More women taking part in economy means higher returns
There is a lucrative charm in advancing women's equality: countries in the Asia-Pacific region could add $4.5 trillion to their combined annual GDP by 2025, a 12 percent increase over the business-as-usual trajectory. In particular, China's economy could increase by $2.6 trillion－13 percent above the business-as-usual course－if it pursues gender parity, according to a McKinsey research report issued last month.
The 240-page report that analyzes the high gender inequality in the Asia-Pacific and details deliverable ways of change is a laudable public service by McKinsey, a global management consulting firm.
Asia-Pacific is a global engine of growth. Women can help, and are helping, to power this engine, and contribute to the region's growth, which in turn will lift more people out of poverty, said Jonathan Woetzel, director of the McKinsey Global Institute and his nine colleagues who prepared the report. Yet large gaps remain in many countries in the region in terms of gender equality both in workplace and in social life, says the report titled "The Power of Parity: Advancing Women's Equality in Asia-Pacific".
"From an economic perspective, trying to grow without enabling the full potential of women is like fighting with one hand tied behind one's back," the report says.
The report focuses on seven countries－Australia, China, India, Indonesia, Japan, the Philippines and Singapore－which are home to more than 80 percent of the region's female population and account for 90 percent of the estimated additional $4.5 trillion GDP opportunity in the 18 Asia-Pacific economies.
In addition to examining the status quo of gender inequality in these countries, the research is valuable in that it investigated the issue of women in leadership positions in businesses, and has suggested measures to help raise the number of women in companies.
The report looks at gender equality in four dimensions: work; healthcare, education, and financial and digital services; legal protection and political voice; and physical security and autonomy. And the discussions in the report are of particular significance to China, which it says accounts for 35 percent of the region's female population, and women contribute an above-average 41 percent to its GDP.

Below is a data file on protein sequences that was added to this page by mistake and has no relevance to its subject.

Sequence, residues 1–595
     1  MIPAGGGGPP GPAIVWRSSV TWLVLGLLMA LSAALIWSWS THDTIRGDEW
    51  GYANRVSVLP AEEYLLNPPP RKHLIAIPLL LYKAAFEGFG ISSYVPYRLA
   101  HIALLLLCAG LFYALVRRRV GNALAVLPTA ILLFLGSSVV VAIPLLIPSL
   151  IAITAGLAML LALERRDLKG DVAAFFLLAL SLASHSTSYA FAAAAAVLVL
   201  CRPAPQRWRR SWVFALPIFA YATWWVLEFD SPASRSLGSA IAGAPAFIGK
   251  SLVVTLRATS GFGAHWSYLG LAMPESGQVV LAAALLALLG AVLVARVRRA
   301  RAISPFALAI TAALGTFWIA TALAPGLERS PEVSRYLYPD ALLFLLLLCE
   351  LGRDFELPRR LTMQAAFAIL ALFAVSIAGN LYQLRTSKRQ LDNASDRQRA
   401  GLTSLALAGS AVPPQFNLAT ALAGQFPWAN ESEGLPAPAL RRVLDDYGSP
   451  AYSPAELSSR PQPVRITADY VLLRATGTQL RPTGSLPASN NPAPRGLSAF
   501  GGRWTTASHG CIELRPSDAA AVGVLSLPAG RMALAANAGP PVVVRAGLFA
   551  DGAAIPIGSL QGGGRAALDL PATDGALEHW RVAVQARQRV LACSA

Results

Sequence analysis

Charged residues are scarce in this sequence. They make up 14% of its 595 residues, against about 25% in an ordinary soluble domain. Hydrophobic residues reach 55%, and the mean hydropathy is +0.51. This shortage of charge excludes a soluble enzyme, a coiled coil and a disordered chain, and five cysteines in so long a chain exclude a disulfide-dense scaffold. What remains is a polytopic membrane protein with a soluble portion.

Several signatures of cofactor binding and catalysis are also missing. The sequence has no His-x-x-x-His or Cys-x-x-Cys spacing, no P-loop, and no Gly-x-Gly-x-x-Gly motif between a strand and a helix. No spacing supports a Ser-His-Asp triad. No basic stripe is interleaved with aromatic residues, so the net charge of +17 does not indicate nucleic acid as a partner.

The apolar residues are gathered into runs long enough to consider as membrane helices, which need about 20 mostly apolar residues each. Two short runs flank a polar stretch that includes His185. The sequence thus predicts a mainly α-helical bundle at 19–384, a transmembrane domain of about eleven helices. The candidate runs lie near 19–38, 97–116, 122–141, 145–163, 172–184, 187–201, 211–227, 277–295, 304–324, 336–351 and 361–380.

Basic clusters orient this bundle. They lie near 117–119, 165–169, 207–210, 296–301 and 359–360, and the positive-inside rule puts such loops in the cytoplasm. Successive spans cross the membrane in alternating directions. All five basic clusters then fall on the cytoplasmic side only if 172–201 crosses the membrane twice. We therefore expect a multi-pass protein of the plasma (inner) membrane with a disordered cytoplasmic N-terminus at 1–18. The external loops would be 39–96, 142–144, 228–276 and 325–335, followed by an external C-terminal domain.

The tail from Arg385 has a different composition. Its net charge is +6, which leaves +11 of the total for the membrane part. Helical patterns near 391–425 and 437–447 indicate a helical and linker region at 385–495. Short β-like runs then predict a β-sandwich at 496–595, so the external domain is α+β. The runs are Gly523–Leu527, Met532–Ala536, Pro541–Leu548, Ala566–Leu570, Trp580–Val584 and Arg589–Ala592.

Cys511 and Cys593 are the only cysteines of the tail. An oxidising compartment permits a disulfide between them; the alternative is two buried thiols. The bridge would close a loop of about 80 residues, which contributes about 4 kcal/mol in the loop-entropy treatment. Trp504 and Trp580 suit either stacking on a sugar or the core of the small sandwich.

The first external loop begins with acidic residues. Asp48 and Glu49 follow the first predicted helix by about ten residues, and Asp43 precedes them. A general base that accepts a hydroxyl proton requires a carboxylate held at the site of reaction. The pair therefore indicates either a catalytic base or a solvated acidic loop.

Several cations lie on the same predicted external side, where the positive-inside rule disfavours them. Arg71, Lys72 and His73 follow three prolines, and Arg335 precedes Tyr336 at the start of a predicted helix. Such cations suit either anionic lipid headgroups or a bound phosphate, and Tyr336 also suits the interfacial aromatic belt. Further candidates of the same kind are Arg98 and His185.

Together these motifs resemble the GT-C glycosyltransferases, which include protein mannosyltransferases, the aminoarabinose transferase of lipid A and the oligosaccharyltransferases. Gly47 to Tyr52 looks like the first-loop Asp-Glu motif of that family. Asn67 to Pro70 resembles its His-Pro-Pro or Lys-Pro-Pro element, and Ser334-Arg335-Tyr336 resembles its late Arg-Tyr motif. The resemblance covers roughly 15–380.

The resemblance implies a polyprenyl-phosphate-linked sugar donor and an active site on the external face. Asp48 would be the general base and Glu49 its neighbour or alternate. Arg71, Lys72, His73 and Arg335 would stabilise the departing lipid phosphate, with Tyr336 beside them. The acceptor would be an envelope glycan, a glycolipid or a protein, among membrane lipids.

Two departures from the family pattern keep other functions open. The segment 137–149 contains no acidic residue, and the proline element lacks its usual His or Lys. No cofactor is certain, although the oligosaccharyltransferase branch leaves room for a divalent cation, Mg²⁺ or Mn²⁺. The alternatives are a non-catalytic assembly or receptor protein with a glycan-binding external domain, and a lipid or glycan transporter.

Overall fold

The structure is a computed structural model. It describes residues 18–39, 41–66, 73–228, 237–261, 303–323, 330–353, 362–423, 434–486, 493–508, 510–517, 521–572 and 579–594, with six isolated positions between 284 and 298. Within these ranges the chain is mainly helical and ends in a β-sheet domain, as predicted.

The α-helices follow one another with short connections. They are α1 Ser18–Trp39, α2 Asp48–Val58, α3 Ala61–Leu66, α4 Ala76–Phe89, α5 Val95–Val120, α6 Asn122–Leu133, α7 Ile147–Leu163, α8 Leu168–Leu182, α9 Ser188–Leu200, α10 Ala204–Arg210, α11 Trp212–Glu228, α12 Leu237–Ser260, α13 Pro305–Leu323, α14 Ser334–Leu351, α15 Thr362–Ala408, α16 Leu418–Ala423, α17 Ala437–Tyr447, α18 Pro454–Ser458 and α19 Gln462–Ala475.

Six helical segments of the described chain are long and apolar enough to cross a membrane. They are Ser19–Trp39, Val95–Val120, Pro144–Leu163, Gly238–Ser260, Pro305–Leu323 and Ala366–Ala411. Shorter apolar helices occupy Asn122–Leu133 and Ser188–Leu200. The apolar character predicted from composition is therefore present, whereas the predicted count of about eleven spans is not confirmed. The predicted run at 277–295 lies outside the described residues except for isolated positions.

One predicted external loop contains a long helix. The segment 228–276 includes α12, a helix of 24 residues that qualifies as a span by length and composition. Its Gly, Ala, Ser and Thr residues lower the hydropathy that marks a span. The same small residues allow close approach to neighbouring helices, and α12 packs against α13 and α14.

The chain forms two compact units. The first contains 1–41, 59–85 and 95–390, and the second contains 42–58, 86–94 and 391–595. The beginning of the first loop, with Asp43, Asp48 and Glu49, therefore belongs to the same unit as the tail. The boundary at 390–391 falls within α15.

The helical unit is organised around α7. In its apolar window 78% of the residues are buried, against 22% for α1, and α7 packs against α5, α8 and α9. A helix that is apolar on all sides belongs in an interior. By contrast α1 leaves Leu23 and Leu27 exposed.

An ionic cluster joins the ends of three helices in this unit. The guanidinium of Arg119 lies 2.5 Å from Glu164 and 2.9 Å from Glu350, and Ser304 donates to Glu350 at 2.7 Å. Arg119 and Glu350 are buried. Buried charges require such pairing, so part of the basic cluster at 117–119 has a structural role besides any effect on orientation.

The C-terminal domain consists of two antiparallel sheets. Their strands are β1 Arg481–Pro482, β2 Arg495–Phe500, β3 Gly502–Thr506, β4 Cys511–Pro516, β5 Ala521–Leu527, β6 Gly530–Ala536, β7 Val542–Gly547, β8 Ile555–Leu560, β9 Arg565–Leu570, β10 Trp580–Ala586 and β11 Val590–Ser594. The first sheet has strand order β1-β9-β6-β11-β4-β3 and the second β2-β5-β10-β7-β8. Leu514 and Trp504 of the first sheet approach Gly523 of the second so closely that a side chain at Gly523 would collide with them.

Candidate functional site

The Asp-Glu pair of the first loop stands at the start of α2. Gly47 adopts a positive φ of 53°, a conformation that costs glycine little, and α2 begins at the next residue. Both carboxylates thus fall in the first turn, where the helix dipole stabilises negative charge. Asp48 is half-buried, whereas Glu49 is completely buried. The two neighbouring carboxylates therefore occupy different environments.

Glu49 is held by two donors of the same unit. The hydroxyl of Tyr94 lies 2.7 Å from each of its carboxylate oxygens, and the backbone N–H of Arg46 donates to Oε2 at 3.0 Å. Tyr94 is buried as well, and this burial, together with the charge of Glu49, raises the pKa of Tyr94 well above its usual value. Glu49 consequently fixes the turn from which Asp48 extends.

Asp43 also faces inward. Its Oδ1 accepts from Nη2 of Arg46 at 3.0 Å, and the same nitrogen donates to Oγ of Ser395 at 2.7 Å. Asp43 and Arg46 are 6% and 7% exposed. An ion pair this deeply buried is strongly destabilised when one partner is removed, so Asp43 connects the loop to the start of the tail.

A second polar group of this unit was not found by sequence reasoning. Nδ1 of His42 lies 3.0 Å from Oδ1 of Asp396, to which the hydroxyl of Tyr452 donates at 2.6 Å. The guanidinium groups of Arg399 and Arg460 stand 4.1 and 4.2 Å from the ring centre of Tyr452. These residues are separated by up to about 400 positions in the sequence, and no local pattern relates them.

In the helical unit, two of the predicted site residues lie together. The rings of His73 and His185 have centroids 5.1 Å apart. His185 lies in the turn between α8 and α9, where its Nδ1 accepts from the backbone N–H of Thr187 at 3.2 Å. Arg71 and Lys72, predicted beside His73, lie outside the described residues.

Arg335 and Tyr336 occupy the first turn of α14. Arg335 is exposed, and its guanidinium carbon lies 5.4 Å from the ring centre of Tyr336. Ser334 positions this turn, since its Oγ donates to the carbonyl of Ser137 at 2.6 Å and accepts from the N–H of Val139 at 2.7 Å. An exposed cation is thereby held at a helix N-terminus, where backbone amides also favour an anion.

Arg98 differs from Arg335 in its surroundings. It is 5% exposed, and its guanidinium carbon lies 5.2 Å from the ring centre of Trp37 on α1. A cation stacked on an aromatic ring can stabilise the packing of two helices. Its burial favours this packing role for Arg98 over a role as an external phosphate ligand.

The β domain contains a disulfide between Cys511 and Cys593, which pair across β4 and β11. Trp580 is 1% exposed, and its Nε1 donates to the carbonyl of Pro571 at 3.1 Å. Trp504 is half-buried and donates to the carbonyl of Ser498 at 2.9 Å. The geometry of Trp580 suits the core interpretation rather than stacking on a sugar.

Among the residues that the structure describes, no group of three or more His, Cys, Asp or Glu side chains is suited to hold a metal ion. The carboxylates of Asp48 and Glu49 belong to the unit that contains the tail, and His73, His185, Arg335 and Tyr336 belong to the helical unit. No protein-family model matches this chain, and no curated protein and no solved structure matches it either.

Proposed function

In his speech to the 19th National Congress of the Communist Party of China in October, General Secretary Xi Jinping said: "We must adhere to the fundamental national policy of gender equality and protect the legitimate rights and interests of women and minors."
The McKinsey Global Institute compiles a "gender parity score" to measure the distance a country has traveled toward parity, which is set at 1.0. China scores 0.61, the same as the global average, but slightly higher than the Asia-Pacific's average of 0.56. McKinsey says China does well on female labor-force participation, but it should improve its share of women in leadership, which stands at 0.2, meaning only one woman for every five men in leadership roles.
In the United States, the share of woman CEOs of Fortune 500 companies topped 5 percent for the first time in the first quarter of 2017, according to a Pew Research Center release. To improve gender parity in the Asia-Pacific, the report asks policymakers, companies and NGOs to focus on higher female labor-force participation in quality jobs as a priority to boost economic growth, while improving women's representation in business leadership positions.
The report also says the authorities should strive to improve women's access to digital technology. For China, the report suggests the country build on its emerging strength in women's entrepreneurship in the e-commerce and technology sectors, in order to encourage more women to enter professional and technological fields, and rise up to leadership positions.
Indeed, the economic dividend from advancing gender equality is attractive for China and the other Asia-Pacific countries. Moreover, the benefits of realizing gender equality will not be confined to any one country's economy. It will help unfold a whole new world.
The author is deputy editor-in-chief of China Daily USA.